About the Author: George F. Indest III, J.D., M.P.A., LL.M., is Board Certified by The Florida Bar in Health Law. He is the President and Managing Partner of The Health Law Firm, which has a national practice. Its main office is in the Orlando, Florida area. www.TheHealthLawFirm.com The Health Law Firm, 1101 Douglas Ave. Suite 1000, Altamonte Springs, FL 32714, Phone: (407) 331-6620.

Keywords: Medicare and Medicaid fraud defense attorney, legal representation for Medicare and Medicaid fraud defense, Medicare and Medicaid fraud defense legal counsel, Medicare and Medicaid fraud defense lawyer, defense of Medicare and Medicaid fraud charges, CMS, ZPIC and RAC audit defense attorney, CMS, ZPIC and RAC audit defense lawyer, CMS, ZPIC and RAC audit legal representation, Medicaid Fraud Control Unit (MFCU) defense attorney, health care clinic fraud audit, Medicaid Fraud Control Unit (MFCU) defense lawyer, Medicaid Fraud Control Unit (MFCU) defense legal counsel, Medicaid Fraud Control Unit (MFCU) subpoena defense attorney, Medicaid Fraud Control Unit (MFCU) subpoena legal representation, Medicaid Fraud Control Unit (MFCU) subpoena defense lawyer, OIG, HHS, DOJ and U.S. Attorney subpoena defense lawyer, OIG, HHS, DOJ and U.S. Attorney subpoena defense attorney, OIG, HHS, DOJ and U.S. Attorney subpoena legal representation, legal representation for allegations of Medicare fraud, legal representation for health care fraud, healthcare fraud defense attorney, healthcare fraud defense lawyer, reviews of the Health Law Firm, The Health Law Firm attorney reviews, Health law defense attorney, healthcare fraud defense legal representation, legal representation for submitting false claims, false claims defense lawyer, false claims legal defense representation, false claims defense attorney, Medicare and Medicaid investigation defense attorney, legal representation for Medicare and Medicaid investigations, OIG investigation defense attorney, legal representation for OIG investigations, Department of Justice (DOJ) investigation defnse, DOJ defense representation, False Claims Act (FCA) legal defense attorney lawyer, False Claims Act (FCA) defense legal representation counsel, Anti-Kickback Statute (AKS) defense attorney, AKS legal defense representation, AKS defense lawyer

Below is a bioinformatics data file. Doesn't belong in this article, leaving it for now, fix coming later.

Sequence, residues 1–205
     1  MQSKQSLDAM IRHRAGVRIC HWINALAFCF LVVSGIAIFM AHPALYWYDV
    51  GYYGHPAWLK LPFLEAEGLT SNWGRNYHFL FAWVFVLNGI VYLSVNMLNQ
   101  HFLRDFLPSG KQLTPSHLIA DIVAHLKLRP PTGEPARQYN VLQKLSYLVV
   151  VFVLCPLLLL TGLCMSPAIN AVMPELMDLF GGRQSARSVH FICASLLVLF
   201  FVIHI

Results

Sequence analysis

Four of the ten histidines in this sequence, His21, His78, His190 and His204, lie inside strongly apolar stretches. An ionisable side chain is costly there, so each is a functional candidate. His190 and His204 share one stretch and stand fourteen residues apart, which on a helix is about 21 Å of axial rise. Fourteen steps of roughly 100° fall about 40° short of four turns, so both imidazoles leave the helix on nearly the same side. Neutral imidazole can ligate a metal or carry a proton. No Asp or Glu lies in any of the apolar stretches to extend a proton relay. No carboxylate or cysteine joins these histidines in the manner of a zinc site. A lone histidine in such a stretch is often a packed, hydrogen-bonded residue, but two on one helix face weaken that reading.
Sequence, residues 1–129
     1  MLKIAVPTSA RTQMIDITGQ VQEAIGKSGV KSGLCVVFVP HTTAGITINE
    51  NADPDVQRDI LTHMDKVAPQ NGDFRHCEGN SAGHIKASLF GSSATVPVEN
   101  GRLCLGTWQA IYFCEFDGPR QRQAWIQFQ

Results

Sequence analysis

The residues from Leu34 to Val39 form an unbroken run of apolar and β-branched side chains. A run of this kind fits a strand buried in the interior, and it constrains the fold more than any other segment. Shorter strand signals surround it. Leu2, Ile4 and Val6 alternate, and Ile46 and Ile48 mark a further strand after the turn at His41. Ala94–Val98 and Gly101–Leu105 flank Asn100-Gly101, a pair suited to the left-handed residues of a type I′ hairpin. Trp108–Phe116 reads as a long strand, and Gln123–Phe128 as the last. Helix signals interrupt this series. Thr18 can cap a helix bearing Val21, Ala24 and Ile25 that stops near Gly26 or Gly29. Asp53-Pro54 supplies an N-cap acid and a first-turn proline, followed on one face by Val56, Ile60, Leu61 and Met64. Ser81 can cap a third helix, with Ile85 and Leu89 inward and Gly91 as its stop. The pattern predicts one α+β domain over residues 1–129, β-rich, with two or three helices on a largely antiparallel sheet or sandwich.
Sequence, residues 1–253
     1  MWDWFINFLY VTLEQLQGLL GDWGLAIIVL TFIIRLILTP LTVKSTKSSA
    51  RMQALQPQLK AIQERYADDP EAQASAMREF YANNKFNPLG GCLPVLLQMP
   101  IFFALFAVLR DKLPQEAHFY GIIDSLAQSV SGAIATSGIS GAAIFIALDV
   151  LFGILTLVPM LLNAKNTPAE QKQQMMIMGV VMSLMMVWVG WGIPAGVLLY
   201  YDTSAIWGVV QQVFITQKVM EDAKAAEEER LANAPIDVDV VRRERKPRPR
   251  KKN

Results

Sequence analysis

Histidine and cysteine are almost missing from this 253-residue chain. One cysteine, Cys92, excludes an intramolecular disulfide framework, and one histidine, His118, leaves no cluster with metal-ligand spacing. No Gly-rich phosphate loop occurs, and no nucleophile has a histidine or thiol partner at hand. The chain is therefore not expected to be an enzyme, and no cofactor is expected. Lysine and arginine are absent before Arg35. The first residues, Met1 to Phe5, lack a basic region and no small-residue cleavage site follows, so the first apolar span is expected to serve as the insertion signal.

“The Health Law Firm” is a registered fictitious business name of and a registered service mark of The Health Law Firm, P.A., a Florida professional service corporation, since 1999.
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By |2019-12-30T19:44:19-05:00March 6th, 2020|Categories: Nursing Law Blog|Tags: , , , , , , , , , , , , , , , , , , , , , , , , , , , , , , , , , , , , , , , , , , , |0 Comments

Hospital Countersues Former Employee for Failing to Report Information Internally in FCA Suit

George F. Indest IIIBy George F. Indest III, J.D., M.P.A., LL.M., Board Certified by The Florida Bar in Health Law
On March 13, 2019, a West Virginia hospital facing a whistleblower lawsuit countersued a former employee who filed the False Claims Act (FCA) lawsuit against the health system. Wheeling Hospital alleges that the former executive, who is the whistleblower/relator in the lawsuit, breached his fiduciary duty to the company by failing to report the unlawful conduct internally, first. Instead, he used the information as the basis for his whistleblower claim. In the countersuit filed in the U.S. District Court for the Northern District of West Virginia, the Hospital accuses the former executive-turned-whistleblower of attempting to ‘extort a settlement’ and filing the FCA whistleblower suit as an act of revenge.

The Whistleblower’s Complaint.

The whistleblower, a former accountant, and senior executive at Wheeling Hospital, was discharged in August 2015. In December 2017, he filed a complaint under the qui tam provisions of the False Claims Act (FCA). He alleged the hospital violated the federal Anti-Kickback Statute (AKS) by paying kickbacks to physicians for patient referrals to the Hospital. Based on this, it is alleged, the claims for the services the hospital provided to the referred patients were false claims, subject to recoupment by the government.

The Hospital’s Countersuit.